Q #540: Could you please explain the difference between images and visions? The reason I ask is that what I see physically is what I am physically, and what the mind sees is my projection on the world. In the other part of my mind as I pray I see also images of a different nature, like receiving an answer to a question to the Holy Spirit in symbolic form. My ego tempts me to disbelieve all images but that leaves me rather comfortless. Often these inner 'visions' have multiple interpretations, for which I have developed the habit of asking for the Holy Spirit's interpretation.

A: From the perspective of A Course in Miracles, all images or visions, whether they seem to be external in the world outside ourselves or to exist only within the mind, are the same. They are illusions projected by a split mind that believes it is outside of (separate from) God and Heaven. That is why the early workbook lessons alternate between having us focus on what we seem to see with our physical eyes and what we see with our mind’s eye -- our thoughts and inner images -- for the inner and the outer are the same (e.g., W.pI4; W.pI.31.2; W.pI.32.2,5; W.pI.33.1).

The important difference is not in the form of the image nor in its seeming source in the world or in the mind, but in the purpose it serves, as you have been trying to determine. The same image can serve either an ego purpose or the Holy Spirit’s purpose. If it leads you in the direction of fear, guilt, judgment, attack, specialness, self interest, etc., it is serving the ego’s purpose of separation and sin quite effectively. And if it helps you to remember that your only aim is to release judgment and recognize shared interests, the Holy Spirit’s purpose of forgiveness is the source of inspiration. These two alternatives are clearly articulated in the workbook lesson, "All things I think I see reflect ideas" (W.pII.325):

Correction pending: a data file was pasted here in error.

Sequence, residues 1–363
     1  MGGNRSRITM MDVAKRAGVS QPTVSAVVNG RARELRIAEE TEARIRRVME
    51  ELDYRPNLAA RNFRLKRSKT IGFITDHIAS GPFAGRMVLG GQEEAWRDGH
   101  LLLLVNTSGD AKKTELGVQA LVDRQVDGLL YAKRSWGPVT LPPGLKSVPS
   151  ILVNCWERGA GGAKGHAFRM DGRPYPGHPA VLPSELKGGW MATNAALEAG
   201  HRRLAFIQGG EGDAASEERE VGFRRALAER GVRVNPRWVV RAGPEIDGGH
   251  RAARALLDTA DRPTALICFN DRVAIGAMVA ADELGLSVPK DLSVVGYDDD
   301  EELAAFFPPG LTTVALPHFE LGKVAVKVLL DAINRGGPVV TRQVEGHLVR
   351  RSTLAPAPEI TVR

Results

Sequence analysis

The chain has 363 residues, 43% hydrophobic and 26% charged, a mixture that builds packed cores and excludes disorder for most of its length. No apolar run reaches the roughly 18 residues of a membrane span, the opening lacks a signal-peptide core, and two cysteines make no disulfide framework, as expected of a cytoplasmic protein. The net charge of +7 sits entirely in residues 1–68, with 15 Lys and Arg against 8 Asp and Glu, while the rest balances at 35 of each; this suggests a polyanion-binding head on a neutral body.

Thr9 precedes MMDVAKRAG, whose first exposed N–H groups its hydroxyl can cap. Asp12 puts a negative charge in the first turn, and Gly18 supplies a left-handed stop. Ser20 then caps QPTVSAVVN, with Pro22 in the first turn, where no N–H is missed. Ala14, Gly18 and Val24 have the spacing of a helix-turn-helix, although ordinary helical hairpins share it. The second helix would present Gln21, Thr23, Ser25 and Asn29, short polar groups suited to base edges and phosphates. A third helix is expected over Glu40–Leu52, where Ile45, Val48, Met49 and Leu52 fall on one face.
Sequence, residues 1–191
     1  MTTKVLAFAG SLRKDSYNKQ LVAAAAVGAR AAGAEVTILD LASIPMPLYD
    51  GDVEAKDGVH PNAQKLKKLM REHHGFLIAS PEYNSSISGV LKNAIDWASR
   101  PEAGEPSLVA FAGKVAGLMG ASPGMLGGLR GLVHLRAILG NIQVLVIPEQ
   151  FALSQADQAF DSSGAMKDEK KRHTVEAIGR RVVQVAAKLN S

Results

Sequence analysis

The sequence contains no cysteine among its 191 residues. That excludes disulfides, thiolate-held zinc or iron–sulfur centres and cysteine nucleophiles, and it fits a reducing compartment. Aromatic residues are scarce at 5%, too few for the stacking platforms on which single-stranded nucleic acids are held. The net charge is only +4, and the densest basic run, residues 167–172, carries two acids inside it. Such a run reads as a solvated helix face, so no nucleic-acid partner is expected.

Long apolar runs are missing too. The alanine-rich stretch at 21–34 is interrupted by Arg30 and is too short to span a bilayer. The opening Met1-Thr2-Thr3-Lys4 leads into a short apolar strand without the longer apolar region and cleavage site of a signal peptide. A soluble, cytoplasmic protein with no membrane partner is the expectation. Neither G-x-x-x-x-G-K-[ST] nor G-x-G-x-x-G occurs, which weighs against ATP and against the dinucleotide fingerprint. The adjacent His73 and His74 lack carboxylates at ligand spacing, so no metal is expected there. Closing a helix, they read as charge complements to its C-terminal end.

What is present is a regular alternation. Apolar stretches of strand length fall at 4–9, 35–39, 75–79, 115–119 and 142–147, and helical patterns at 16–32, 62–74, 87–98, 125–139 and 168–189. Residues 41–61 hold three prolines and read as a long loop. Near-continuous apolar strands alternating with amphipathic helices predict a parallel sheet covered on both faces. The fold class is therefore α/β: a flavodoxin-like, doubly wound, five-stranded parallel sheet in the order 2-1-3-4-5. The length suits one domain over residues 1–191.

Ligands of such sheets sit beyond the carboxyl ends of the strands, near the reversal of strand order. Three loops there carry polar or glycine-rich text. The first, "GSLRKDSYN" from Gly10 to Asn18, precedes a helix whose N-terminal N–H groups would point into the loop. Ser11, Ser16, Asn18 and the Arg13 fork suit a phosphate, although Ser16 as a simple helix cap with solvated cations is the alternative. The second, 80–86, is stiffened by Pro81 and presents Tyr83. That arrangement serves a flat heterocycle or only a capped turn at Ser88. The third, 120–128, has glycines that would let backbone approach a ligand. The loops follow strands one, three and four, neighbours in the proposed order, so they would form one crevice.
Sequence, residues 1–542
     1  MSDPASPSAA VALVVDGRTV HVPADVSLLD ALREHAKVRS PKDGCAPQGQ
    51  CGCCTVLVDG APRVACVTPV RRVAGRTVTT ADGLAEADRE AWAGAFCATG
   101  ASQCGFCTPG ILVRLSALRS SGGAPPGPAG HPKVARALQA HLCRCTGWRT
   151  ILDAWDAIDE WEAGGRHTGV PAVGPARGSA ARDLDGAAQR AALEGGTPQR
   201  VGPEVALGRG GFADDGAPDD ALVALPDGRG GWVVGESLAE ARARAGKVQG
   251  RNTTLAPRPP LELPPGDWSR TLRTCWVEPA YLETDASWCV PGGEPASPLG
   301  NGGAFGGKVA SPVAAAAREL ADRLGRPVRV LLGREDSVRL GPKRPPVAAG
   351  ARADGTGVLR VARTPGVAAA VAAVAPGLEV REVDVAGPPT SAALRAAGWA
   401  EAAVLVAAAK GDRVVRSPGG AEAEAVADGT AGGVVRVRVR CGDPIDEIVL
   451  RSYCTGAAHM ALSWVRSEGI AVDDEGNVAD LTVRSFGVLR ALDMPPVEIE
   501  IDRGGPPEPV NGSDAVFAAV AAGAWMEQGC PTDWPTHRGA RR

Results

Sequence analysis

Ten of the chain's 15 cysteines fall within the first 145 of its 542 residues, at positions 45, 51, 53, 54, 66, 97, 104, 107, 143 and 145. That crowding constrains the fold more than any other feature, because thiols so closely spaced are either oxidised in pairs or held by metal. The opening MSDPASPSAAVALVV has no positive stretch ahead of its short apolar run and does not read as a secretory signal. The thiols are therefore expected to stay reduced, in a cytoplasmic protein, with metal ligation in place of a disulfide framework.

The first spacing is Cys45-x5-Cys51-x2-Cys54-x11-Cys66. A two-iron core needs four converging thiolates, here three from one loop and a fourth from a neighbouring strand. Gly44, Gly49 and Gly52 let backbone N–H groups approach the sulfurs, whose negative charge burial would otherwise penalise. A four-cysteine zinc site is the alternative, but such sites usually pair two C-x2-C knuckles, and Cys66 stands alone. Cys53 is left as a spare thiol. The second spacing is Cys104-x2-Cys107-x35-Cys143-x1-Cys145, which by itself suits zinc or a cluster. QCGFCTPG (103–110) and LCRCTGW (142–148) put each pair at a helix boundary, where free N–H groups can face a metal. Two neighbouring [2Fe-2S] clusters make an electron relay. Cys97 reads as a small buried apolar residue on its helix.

This is salvation's keynote: What I see reflects a process in my mind, which starts with my idea of what I want. From there, the mind makes up an image of the thing the mind desires, judges valuable, and therefore seeks to find. These images are then projected outward, looked upon, esteemed as real and guarded as one's own. From insane wishes comes an insane world. From judgment comes a world condemned. And from forgiving thoughts a gentle world comes forth, with mercy for the holy Son of God, to offer him a kindly home where he can rest a while before he journeys on, and help his brothers walk ahead with him, and find the way to Heaven and to God (W.pII.325.1).

And what this passage hopefully will help you see more clearly is that what we see reflects our own choice. Nothing we see comes to us uninvited. So if you find that you do not like what you are seeing, simply accept that you have made a mistake and would like the Holy Spirit’s help in seeing differently (e.g., W.pI.20,21,22).